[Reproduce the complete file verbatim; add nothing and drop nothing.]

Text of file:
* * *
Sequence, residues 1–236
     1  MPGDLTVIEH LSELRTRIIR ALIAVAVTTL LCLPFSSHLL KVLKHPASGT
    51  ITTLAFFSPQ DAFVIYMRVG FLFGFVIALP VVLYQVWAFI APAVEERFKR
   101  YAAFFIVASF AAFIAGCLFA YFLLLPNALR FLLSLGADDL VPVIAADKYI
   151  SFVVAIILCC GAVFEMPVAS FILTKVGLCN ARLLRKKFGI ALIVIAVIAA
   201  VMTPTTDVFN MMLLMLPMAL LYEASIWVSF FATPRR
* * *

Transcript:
Sequence, residues 1–236
     1  MPGDLTVIEH LSELRTRIIR ALIAVAVTTL LCLPFSSHLL KVLKHPASGT
    51  ITTLAFFSPQ DAFVIYMRVG FLFGFVIALP VVLYQVWAFI APAVEERFKR
   101  YAAFFIVASF AAFIAGCLFA YFLLLPNALR FLLSLGADDL VPVIAADKYI
   151  SFVVAIILCC GAVFEMPVAS FILTKVGLCN ARLLRKKFGI ALIVIAVIAA
   201  VMTPTTDVFN MMLLMLPMAL LYEASIWVSF FATPRR